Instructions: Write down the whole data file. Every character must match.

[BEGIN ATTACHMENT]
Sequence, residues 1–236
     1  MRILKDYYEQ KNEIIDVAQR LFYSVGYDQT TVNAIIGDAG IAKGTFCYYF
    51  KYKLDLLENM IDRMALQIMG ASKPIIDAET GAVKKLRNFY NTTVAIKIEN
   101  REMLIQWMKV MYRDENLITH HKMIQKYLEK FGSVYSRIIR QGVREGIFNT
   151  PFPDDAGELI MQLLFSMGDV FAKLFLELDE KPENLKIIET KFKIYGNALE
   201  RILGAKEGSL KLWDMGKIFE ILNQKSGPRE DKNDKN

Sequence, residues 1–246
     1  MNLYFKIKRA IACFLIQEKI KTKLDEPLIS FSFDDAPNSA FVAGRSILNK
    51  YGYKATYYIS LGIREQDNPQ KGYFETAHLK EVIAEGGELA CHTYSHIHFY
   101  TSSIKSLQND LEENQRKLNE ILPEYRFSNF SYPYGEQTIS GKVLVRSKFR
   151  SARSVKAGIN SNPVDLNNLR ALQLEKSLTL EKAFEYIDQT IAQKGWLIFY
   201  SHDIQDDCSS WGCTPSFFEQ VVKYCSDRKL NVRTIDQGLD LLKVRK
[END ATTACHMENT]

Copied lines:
Sequence, residues 1–236
     1  MRILKDYYEQ KNEIIDVAQR LFYSVGYDQT TVNAIIGDAG IAKGTFCYYF
    51  KYKLDLLENM IDRMALQIMG ASKPIIDAET GAVKKLRNFY NTTVAIKIEN
   101  REMLIQWMKV MYRDENLITH HKMIQKYLEK FGSVYSRIIR QGVREGIFNT
   151  PFPDDAGELI MQLLFSMGDV FAKLFLELDE KPENLKIIET KFKIYGNALE
   201  RILGAKEGSL KLWDMGKIFE ILNQKSGPRE DKNDKN

Sequence, residues 1–246
     1  MNLYFKIKRA IACFLIQEKI KTKLDEPLIS FSFDDAPNSA FVAGRSILNK
    51  YGYKATYYIS LGIREQDNPQ KGYFETAHLK EVIAEGGELA CHTYSHIHFY
   101  TSSIKSLQND LEENQRKLNE ILPEYRFSNF SYPYGEQTIS GKVLVRSKFR
   151  SARSVKAGIN SNPVDLNNLR ALQLEKSLTL EKAFEYIDQT IAQKGWLIFY
   201  SHDIQDDCSS WGCTPSFFEQ VVKYCSDRKL NVRTIDQGLD LLKVRK